NEW from 1928: the Vatican gifts a live Capitoline wolf to Mussolini’s Rome

 

Postcard commemorating (from the Italian perspective) the Lateran Pacts of 11 February 1929. Pictured, clockwise from lower left: Cardinal Pietro Gasparri, Pope Pius XI, King Vittorio Emanuele III, and Benito Mussolini. At lower center, the Capitoline Wolf.

An illustrated essay by Michael McGillicuddy (Rutgers ’21)

One of the traditions which Benito Mussolini emphasized greatly during his time as Prime Minister of Italy (1922-1943) was the Roman symbol of the Capitoline Wolf, whose long history as an icon is the subject of a full-length study (2010) by Cristina Mazzoni. An important facet of this emphasis was a live wolf—or rather a series of wolves—which since the early 1870s had been caged and put on display in the very center of Rome.

By examining this tradition from its origins in the 1870s to its demise in the early 1970s, one can see plainly among the historical threads how Mussolini exploited this living symbol to push his own brand of “Roman-ness” (romanità). Yet the story of the wolf also reveals a secret line of diplomacy between Mussolini’s government and that of Pope Pius XI Ratti (reigned 1922-1939), just before the Lateran Pacts (11 February 1929) which established a new Vatican state.

Our interest in the caged live wolf originates from a letter found in the digitized Archivio Boncompagni Ludovisi, recovered and preserved by HSH Princess Rita Boncompagni Ludovisi in 2010. The letter, written on 13 September 1928 by Vatican Secretary of State Cardinal Pietro Gasparri (served 1914-1930), and addressed to Monsignor and Vatican Vice-Camerlengo Ugo Boncompagni Ludovisi, describes a domesticated wolf that Gasparri has available that the Cardinal is offering to procure for the Monsignor.

Letter (13 September 1928) from Cardinal (and Vatican Secretary of State and Camerlengo) Pietro Gasparri (1852-1934) to Monsignor (and Vice-Camerlengo) Ugo Boncompagni Ludovisi (1856-1935). Collection of †HSH Prince Nicolò and HSH Princess Rita Boncompagni Ludovisi, Casino Aurora, Rome.

More specifically, Cardinal Gasparri is writing this letter from his home town of Ussita (Marche, in central Italy). He explains that his nephew has a she-wolf that is a few months old and “tame”, that he is willing to give to the city of Rome. Gasparri then supplies his nephew’s contact information in Ussita.

The politics here are fascinating. Tensions between the two powers, Church and state, were high because of the capture of Rome by the Kingdom of Italy in 1870, which led to Pope Pius IX Mastai Ferretti confining himself to Vatican City and declaring himself “Prisoner of the Vatican”.  By the time of the letter’s writing, a pope had not left the Vatican in 58 years, so as not to recognize the authority of Italy in ruling over Rome.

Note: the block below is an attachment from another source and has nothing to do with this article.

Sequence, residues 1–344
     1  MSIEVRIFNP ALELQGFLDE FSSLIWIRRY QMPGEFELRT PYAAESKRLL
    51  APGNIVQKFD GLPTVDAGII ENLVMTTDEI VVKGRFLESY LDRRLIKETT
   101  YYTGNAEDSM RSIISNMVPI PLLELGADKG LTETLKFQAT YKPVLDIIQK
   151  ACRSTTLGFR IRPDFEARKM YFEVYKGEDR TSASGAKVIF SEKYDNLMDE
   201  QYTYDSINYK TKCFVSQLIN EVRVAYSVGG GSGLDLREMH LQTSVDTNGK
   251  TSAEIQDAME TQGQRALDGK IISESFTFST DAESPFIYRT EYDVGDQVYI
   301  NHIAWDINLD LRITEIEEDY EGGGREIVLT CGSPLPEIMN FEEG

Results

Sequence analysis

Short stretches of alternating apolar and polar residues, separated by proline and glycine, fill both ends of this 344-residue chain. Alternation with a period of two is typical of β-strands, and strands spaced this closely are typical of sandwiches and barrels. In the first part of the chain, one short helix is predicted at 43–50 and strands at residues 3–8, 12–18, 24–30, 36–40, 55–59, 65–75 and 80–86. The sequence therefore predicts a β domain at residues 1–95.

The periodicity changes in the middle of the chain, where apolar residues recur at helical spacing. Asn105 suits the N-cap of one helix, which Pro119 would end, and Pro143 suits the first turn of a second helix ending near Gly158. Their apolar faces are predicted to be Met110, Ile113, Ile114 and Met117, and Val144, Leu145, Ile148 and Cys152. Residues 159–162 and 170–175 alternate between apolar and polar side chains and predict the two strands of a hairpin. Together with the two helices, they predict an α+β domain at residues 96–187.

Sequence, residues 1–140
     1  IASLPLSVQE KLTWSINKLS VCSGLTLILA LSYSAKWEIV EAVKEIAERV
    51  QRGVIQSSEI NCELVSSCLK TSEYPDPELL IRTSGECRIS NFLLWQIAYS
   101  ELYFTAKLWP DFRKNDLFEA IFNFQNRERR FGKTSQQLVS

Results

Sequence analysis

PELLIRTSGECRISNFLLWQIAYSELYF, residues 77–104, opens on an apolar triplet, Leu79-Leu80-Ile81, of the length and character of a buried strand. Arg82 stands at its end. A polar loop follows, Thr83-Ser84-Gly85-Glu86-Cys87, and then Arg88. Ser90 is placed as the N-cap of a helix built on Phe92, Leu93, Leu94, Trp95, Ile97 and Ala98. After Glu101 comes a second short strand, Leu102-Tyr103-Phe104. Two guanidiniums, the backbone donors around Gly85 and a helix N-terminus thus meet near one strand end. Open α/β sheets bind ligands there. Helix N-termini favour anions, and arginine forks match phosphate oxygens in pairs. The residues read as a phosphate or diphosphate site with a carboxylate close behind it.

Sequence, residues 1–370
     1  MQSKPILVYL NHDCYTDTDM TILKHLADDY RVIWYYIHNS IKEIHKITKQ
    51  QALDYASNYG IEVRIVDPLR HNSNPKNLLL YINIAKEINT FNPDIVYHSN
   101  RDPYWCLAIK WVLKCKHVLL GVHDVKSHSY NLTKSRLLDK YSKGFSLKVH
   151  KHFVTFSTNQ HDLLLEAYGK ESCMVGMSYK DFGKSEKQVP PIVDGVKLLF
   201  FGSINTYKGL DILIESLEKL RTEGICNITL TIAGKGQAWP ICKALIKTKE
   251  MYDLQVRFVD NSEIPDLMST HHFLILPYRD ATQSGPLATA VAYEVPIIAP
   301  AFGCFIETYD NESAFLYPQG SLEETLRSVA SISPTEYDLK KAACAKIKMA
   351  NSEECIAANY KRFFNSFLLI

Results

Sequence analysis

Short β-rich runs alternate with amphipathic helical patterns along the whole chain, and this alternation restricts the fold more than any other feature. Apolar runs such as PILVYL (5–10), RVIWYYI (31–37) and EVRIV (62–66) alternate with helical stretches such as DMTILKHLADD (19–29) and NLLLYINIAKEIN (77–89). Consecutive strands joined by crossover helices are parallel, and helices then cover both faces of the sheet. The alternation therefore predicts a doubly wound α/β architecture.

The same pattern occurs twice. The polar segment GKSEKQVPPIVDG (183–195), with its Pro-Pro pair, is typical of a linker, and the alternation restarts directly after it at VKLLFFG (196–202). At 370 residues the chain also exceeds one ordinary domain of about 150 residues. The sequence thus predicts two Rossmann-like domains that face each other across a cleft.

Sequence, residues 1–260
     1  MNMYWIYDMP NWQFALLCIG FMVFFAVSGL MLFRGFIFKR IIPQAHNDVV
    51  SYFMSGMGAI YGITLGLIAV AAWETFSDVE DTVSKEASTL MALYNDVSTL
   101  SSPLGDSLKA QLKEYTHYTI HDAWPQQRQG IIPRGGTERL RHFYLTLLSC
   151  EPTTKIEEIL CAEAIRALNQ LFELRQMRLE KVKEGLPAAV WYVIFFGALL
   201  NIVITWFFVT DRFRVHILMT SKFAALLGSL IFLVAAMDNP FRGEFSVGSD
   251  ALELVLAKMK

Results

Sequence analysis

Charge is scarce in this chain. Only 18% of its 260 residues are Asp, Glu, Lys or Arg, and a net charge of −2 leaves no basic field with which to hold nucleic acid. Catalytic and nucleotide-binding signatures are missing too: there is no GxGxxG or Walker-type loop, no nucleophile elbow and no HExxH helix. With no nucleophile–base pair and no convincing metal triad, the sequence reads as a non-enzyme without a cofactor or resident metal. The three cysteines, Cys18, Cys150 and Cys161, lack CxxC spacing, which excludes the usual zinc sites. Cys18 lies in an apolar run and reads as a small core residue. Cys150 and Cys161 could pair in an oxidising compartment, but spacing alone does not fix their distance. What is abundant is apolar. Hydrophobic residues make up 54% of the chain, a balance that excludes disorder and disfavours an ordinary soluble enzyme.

The reason for this gift, says Gasparri, would be to commemorate the appointment of Ugo Boncompagni Ludovisi’s son, Francesco Boncompagni Ludovisi (1886-1955), as the new Governor of Rome. Indeed, Francesco Boncompagni Ludovisi had taken up his new office that very day—13 September 1928. The donation of this wolf would be used as a gesture of goodwill from the Vatican to the Kingdom of Italy, which had been in a state of cold war for almost six full decades.

Indeed, the interaction between Cardinal and Monsignor also implies an interesting hidden line of communication between the Vatican and the Kingdom. Now, Ugo Boncompagni Ludovisi (1856-1935) was the eldest child of Rodolfo and Agnese (née Borghese) Boncompagni Ludovisi, the Duke and Duchess of Sora, who in 1883 became Prince and Princess of Piombino and as such headed the noble family. Ugo received a university degree from Louvain (1876) and in the 1870s and 1880s played a vigorous role in promoting the need for Catholics to involve themselves in Italian political life.

Four generations of Boncompagni Ludovisi at the Villa ‘La Quiete’ (Foligno) 20 October 1907: detail from larger group photo. Standing behind center of bench (with hat) is Rodolfo Boncompagni Ludovisi (1834-1911), and seated at center is his wife Agnese Borghese (1836-1920), with granddaughter Maria Campello della Spina (1902-1987) on lap. Standing behind Agnese, in clerical garb, is her son Ugo (1856-1935). Sitting, on right of bench, Ugo’s son Francesco (1886-1955), holding the hand of nephew Lanfranco Campello della Spina (1901-1969). Directly to the right of the boy is the Boncompagni Ludovisi family agent, Alessandro Rocchi. Collection of †HSH Prince Nicolò and HSH Princess Rita Boncompagni Ludovisi, Rome. Colorized from BW original by DeOldify